Analysts do remain broadly bullish on Rivian, with the stock holding a weak consensus buy rating. Given the company’s steep losses, it is long road to profitability and its apparent overvaluation, however, Rivian currently appears to be a stock to stay away from.

ZIM Integrated Shipping Services

As a major international freight shipper, ZIM Integrated Shipping Services (NYSE:ZIM) has suffered from falling demand and lower shipping rates over the past year. This has led the stock to decline by nearly 75 percent, leaving it potentially undervalued.

Much of ZIM’s selloff can be attributed to its slide into negative earnings. Over the coming year, the company is expected to lose $1.40 per share.

ZIM’s fundamental potential for profit, however, seems to remain solid. The company’s net margin is a healthy 36.7 percent, while its return on equity of 87.1 percent is nothing short of outstanding. Based on these metrics, it strongly appears that the market has become too bearish on ZIM.

Another catalyst for the stock’s selloff has likely been a negative perception of its income potential. ZIM distributes much of its earnings as dividends, leading to high but also irregular payouts.

In Q4, for instance, the stock paid $6.40 per share despite trading under $30 throughout the quarter. With earnings almost certain to remain negative in the coming year, investors could see much smaller dividends throughout 2023.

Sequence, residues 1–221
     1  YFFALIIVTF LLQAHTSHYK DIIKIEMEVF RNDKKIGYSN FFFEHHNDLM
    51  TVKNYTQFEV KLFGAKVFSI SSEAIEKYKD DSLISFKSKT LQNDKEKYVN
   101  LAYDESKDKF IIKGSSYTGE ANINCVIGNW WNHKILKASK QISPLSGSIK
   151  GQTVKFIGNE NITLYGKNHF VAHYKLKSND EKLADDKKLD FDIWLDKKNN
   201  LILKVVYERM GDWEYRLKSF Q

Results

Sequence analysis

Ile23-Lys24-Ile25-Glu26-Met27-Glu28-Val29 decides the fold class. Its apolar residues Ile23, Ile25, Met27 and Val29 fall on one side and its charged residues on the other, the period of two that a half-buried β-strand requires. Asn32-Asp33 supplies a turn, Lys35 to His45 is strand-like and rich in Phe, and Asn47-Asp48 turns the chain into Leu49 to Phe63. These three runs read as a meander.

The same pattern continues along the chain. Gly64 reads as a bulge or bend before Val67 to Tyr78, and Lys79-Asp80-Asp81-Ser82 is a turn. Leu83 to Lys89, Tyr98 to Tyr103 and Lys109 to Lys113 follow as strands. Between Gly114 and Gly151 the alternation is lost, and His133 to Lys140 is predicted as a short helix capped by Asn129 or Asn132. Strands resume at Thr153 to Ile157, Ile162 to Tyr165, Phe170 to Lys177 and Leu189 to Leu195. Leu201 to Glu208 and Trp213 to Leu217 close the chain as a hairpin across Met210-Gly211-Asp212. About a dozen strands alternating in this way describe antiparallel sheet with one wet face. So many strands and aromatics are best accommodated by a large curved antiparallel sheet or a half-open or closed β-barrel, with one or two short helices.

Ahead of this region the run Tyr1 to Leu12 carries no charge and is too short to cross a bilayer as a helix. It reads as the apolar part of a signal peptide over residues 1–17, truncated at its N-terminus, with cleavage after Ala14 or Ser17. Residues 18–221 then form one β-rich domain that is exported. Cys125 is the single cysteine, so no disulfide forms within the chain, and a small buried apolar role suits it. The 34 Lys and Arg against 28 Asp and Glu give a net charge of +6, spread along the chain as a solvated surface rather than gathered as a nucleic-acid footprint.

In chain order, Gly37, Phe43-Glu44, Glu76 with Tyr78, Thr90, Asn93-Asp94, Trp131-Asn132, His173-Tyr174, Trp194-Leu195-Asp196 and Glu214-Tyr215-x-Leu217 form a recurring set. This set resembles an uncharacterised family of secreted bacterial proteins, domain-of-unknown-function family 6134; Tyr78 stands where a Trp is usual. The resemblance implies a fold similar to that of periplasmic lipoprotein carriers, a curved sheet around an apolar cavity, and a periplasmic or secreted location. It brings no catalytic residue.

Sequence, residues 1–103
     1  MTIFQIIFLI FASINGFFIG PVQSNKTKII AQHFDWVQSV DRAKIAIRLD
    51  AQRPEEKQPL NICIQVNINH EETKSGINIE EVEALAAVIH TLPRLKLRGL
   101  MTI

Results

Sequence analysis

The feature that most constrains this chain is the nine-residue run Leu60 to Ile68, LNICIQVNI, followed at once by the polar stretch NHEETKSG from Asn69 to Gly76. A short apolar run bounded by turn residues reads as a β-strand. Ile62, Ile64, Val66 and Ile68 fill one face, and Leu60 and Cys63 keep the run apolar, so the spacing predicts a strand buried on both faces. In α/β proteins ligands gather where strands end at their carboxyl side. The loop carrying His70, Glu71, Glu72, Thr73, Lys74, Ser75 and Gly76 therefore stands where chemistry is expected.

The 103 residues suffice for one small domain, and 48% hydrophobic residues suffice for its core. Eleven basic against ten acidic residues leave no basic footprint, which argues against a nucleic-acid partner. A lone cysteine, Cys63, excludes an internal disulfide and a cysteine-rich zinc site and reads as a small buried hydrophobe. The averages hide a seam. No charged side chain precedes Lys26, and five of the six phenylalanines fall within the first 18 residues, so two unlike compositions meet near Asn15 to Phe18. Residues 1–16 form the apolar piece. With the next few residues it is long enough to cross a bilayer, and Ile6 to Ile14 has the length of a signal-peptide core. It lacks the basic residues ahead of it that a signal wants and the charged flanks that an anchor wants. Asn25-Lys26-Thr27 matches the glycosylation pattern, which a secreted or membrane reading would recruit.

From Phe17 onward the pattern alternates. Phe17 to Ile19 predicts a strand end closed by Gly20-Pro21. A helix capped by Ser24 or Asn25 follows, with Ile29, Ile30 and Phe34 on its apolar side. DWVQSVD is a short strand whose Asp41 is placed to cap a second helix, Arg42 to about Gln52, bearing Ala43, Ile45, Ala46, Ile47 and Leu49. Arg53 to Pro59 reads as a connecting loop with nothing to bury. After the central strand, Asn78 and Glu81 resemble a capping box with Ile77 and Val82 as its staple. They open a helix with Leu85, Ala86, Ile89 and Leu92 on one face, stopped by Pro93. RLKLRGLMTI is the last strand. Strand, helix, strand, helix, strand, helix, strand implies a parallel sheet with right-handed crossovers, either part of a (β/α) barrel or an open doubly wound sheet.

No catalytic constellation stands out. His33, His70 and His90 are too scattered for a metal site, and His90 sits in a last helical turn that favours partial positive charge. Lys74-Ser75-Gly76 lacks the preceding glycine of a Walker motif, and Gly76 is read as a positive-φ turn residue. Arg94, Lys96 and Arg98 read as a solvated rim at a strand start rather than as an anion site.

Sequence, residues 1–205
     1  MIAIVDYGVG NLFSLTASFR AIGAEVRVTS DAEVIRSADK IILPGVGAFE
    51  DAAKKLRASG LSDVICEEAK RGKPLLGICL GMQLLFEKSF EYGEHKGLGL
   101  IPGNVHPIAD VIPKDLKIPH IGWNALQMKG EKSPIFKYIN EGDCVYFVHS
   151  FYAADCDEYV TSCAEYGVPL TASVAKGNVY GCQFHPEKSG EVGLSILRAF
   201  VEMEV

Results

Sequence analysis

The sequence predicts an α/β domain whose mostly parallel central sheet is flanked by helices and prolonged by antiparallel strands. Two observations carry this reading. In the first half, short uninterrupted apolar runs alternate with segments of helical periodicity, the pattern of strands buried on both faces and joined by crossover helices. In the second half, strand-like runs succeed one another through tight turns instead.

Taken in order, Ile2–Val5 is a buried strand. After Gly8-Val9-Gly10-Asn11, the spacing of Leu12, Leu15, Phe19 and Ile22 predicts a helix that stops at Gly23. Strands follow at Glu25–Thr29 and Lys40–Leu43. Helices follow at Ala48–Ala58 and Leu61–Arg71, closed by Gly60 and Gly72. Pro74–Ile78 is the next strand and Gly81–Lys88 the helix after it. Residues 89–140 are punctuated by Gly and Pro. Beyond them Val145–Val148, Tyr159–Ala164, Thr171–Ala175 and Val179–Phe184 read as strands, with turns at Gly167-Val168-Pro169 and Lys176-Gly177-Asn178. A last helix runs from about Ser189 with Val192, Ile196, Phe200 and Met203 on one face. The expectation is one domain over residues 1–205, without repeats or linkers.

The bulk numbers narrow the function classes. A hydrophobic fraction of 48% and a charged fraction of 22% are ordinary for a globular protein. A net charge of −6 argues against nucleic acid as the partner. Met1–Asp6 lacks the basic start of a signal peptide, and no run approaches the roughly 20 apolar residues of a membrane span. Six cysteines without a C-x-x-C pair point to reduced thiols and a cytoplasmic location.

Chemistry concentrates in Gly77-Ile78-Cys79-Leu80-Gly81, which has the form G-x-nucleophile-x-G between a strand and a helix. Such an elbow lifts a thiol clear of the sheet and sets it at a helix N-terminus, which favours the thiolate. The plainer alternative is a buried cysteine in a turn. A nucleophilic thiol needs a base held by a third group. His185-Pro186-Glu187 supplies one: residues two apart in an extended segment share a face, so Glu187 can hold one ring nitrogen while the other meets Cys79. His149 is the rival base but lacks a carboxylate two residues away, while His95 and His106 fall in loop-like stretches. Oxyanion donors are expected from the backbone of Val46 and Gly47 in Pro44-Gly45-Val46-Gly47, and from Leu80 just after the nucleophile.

Even though the company could struggle this year, there are still many reasons to like ZIM. To begin with, shipping rates appear to be rising again.

The Baltic Dry Index, a benchmark for shipping rates of raw materials, soared in February. This could be an early indication of a recovery in the shipping market. In the event of such a recovery, ZIM would almost certainly be a prime beneficiary.

The market also seems to have sold ZIM into deeply undervalued territory. At just 0.16 times sales and 0.33 times cash flow, ZIM’s share prices no longer appear to reflect its fundamental value well.

While investors may have to wait a while for a recovery, ZIM appears to be a decent candidate for investors willing to buy the dip and hold until macroeconomic conditions improve.

Affirm Holdings